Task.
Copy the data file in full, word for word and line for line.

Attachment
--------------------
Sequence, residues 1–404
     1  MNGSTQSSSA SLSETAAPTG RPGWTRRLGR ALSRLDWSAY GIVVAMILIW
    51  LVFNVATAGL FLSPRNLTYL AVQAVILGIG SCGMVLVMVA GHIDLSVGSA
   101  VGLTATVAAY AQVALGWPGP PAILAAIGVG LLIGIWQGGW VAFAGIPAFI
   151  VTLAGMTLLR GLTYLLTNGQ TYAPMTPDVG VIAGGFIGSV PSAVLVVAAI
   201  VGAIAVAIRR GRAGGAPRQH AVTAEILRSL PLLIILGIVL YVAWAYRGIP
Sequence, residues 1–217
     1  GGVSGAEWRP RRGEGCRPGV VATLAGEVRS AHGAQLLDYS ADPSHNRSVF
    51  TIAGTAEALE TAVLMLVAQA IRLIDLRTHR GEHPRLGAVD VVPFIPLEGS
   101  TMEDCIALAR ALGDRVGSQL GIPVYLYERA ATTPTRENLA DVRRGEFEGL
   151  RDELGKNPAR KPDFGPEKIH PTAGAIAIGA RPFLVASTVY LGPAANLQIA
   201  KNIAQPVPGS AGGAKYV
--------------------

Sequence, residues 1–404
     1  MNGSTQSSSA SLSETAAPTG RPGWTRRLGR ALSRLDWSAY GIVVAMILIW
    51  LVFNVATAGL FLSPRNLTYL AVQAVILGIG SCGMVLVMVA GHIDLSVGSA
   101  VGLTATVAAY AQVALGWPGP PAILAAIGVG LLIGIWQGGW VAFAGIPAFI
   151  VTLAGMTLLR GLTYLLTNGQ TYAPMTPDVG VIAGGFIGSV PSAVLVVAAI
   201  VGAIAVAIRR GRAGGAPRQH AVTAEILRSL PLLIILGIVL YVAWAYRGIP
Sequence, residues 1–217
     1  GGVSGAEWRP RRGEGCRPGV VATLAGEVRS AHGAQLLDYS ADPSHNRSVF
    51  TIAGTAEALE TAVLMLVAQA IRLIDLRTHR GEHPRLGAVD VVPFIPLEGS
   101  TMEDCIALAR ALGDRVGSQL GIPVYLYERA ATTPTRENLA DVRRGEFEGL
   151  RDELGKNPAR KPDFGPEKIH PTAGAIAIGA RPFLVASTVY LGPAANLQIA
   201  KNIAQPVPGS AGGAKYV